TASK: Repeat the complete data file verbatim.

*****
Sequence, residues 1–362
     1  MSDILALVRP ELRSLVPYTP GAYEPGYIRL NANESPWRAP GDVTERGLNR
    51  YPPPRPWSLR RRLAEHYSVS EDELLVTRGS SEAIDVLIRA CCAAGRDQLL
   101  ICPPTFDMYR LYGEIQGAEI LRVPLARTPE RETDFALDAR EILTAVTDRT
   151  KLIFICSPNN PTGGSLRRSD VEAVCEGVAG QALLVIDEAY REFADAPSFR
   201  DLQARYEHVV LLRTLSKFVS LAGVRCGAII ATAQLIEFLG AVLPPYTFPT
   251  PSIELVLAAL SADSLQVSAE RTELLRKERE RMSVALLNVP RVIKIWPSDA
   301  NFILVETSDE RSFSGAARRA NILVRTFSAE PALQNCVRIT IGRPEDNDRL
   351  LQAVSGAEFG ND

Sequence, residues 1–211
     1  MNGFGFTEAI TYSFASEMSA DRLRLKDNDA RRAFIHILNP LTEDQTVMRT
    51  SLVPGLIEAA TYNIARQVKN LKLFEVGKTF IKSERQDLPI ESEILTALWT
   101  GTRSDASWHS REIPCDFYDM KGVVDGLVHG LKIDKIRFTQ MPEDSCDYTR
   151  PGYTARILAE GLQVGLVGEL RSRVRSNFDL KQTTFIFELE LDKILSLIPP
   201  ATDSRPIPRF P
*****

Sequence, residues 1–362
     1  MSDILALVRP ELRSLVPYTP GAYEPGYIRL NANESPWRAP GDVTERGLNR
    51  YPPPRPWSLR RRLAEHYSVS EDELLVTRGS SEAIDVLIRA CCAAGRDQLL
   101  ICPPTFDMYR LYGEIQGAEI LRVPLARTPE RETDFALDAR EILTAVTDRT
   151  KLIFICSPNN PTGGSLRRSD VEAVCEGVAG QALLVIDEAY REFADAPSFR
   201  DLQARYEHVV LLRTLSKFVS LAGVRCGAII ATAQLIEFLG AVLPPYTFPT
   251  PSIELVLAAL SADSLQVSAE RTELLRKERE RMSVALLNVP RVIKIWPSDA
   301  NFILVETSDE RSFSGAARRA NILVRTFSAE PALQNCVRIT IGRPEDNDRL
   351  LQAVSGAEFG ND

Sequence, residues 1–211
     1  MNGFGFTEAI TYSFASEMSA DRLRLKDNDA RRAFIHILNP LTEDQTVMRT
    51  SLVPGLIEAA TYNIARQVKN LKLFEVGKTF IKSERQDLPI ESEILTALWT
   101  GTRSDASWHS REIPCDFYDM KGVVDGLVHG LKIDKIRFTQ MPEDSCDYTR
   151  PGYTARILAE GLQVGLVGEL RSRVRSNFDL KQTTFIFELE LDKILSLIPP
   201  ATDSRPIPRF P